Getting engaged and married is an exciting time in anyone’s life. It can also be a time of intense stress as you try to plan a wedding and adapt to living with your significant other. Adding money to the equation only makes things more complicated.
If you’re about to settle down with your significant other, you can save yourself a lot of heartache and stress by following these money-related tips.
What to Do Before Getting Married
Before you get married, there are a few steps that you should take to ensure you’re financially prepared for marriage.
1. Discuss Financial Priorities
In any relationship, it’s important to make sure that you and your partner have similar values, beliefs, and priorities. Someone who wants to live a nomadic lifestyle, never living in the same country for more than a year, will have trouble settling down with someone who is content to live in their hometown all their life.
Talking about money can be stressful, but it’s important to talk about your financial priorities with your partner.
- Do you believe in making regular donations to charity or your church?
- Is saving and investment a major priority for you, or do you prefer to spend money in the moment?
- How much of your income are you willing to spend on luxuries versus necessities?
- If you plan to have children, how much do you want to support them financially?
These questions don’t have a “correct” answer. Making sure that you and your partner have similar priorities, or can find a compromise somewhere in the middle, can help avoid financial arguments in the future.
2. Make a List of Financial Goals
Similar to discussing your financial priorities, talk about your goals for the future, especially financial ones. It will be much easier to reach your goals if you can work toward them together, and it can help reduce tension if you make sure you don’t have goals that directly contradict one another’s.
- Do you want to live in a lavish house or a small one?
- Would you rather rent or own your home?
- Do you want to retire early or work full careers?
3. Decide How Much to Spend on a Wedding
One of the biggest sources of tension for newly engaged couples is their upcoming wedding. Weddings can be stressful at the best of times because you have to plan for so many people and manage so many moving parts.
The cost of weddings is also a major source of stress for engaged couples. In 2019, the average wedding cost almost $34,000. Some weddings can be extravagant and cost tens of thousands of dollars more. Other couples opt for much more modest weddings.
Although there’s nothing wrong with throwing an expensive wedding, doing so does come with trade-offs. You could use the money you’d spend on a lavish event for other purposes, such as making a down payment on a house. Before you start planning a wedding, talk about how important the event is to you, and set a maximum budget for it.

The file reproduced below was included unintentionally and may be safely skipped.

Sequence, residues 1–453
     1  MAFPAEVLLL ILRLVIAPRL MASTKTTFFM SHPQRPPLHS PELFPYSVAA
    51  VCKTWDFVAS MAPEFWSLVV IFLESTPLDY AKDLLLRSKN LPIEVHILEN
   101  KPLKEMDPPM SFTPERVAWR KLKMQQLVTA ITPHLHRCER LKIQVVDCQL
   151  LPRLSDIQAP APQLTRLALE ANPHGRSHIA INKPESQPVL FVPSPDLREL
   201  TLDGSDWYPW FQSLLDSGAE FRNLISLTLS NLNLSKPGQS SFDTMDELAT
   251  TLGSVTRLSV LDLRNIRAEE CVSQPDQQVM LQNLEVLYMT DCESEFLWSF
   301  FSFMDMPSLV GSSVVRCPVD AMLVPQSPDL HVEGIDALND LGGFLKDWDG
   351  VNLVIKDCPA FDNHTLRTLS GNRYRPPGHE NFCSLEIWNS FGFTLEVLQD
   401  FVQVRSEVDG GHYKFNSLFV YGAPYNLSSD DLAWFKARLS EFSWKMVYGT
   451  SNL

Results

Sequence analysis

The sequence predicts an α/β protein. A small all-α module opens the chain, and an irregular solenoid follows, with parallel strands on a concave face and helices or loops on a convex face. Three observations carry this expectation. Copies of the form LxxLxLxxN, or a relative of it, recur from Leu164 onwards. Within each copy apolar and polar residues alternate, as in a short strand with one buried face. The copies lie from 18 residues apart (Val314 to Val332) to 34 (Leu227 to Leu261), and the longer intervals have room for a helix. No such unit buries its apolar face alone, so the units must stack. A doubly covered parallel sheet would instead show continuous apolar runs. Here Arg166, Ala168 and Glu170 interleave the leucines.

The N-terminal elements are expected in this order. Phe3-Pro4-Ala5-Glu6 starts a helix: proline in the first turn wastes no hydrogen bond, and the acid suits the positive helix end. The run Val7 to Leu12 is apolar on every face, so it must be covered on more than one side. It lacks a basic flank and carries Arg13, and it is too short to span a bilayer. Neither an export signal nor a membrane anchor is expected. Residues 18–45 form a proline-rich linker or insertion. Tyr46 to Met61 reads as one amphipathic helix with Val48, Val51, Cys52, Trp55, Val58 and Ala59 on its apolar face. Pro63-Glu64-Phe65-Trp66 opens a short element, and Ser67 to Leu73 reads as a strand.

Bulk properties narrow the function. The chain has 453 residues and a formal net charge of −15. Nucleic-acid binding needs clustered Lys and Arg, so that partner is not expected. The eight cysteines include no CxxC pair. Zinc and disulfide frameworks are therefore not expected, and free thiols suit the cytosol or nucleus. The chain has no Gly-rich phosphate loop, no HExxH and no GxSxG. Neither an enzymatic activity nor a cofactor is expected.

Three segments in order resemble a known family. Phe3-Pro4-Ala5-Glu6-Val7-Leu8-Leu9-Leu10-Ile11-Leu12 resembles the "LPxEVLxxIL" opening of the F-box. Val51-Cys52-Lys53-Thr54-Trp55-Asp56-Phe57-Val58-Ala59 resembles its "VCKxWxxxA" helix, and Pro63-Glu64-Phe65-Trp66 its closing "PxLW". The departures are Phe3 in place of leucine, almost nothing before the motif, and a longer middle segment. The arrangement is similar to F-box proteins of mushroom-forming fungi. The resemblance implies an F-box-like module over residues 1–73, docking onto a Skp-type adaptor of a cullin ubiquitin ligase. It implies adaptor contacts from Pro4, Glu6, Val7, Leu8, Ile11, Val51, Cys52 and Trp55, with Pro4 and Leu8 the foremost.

Talking about the cost of your wedding ahead of time is a good way to reduce bad feelings brought on by differing expectations of how much a wedding should cost.
Similarly, discuss how much you want to spend on other big-ticket expenses such as your engagement rings, bridal shower, and bachelor party. You can save a lot of money on wedding expenses that aren’t truly necessary and still have wonderful memories, while putting that money toward other priorities like a down payment on a home.
4. Consider a Prenuptial Agreement
A prenuptial agreement is a document that defines how to split your assets if your marriage eventually fails.
While signing a prenuptial agreement might seem like you’re preparing for your marriage to fail, they’ve gained popularity in recent years as average marriage ages have risen. The more assets you own coming into a marriage, the more a prenuptial agreement may make sense for you.
Prenuptial agreements aren’t for everyone, but that doesn’t mean that you shouldn’t take a moment to consider whether signing one before your wedding day is a good idea.
5. Open a Joint Bank Account
If you’re about to get married, that means you’re about to combine your finances with your partner. It makes sense to get ahead of the game and open a joint bank account. This will make it much easier to share joint expenses, such as housing and groceries.
Different couples structure their bank accounts differently, but one strategy is to have a total of four bank accounts:
- A joint checking account (there are several available to offer a cash bonus)
- A joint savings account (consider a high yield account through CIT Bank)
- One individual checking account per person
This strategy lets you combine your savings and checking accounts with your partner to easily handle joint expenses. Each month, you can transfer a set amount to each person’s individual checking account.
You can think of the amount transferred like an allowance. This gives each person the freedom to spend some of their money without their partner’s input. Each spouse having their own personal funds makes it easier to go out with friends or make small purchases without having to check with your spouse or risk spending money earmarked for rent or groceries. It also makes it easier to buy gifts without your partner finding out what the gift is ahead of time.
6. Build an Emergency Fund and Pay Off Debt
Try to set aside some money each month to build up some savings. Try to have between three and six months’ worth of expenses in an emergency fund in cash. That money will help you cover unexpected expenses and weather bad situations such as unemployment. Having the money set aside can help you avoid a lot of financial stress in the future.